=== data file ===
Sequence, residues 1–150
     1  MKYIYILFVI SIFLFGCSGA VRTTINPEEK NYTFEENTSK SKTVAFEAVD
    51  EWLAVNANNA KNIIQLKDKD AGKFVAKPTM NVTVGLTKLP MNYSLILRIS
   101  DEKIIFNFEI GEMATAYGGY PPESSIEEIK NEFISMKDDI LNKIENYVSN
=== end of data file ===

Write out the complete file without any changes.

Sequence, residues 1–150
     1  MKYIYILFVI SIFLFGCSGA VRTTINPEEK NYTFEENTSK SKTVAFEAVD
    51  EWLAVNANNA KNIIQLKDKD AGKFVAKPTM NVTVGLTKLP MNYSLILRIS
   101  DEKIIFNFEI GEMATAYGGY PPESSIEEIK NEFISMKDDI LNKIENYVSN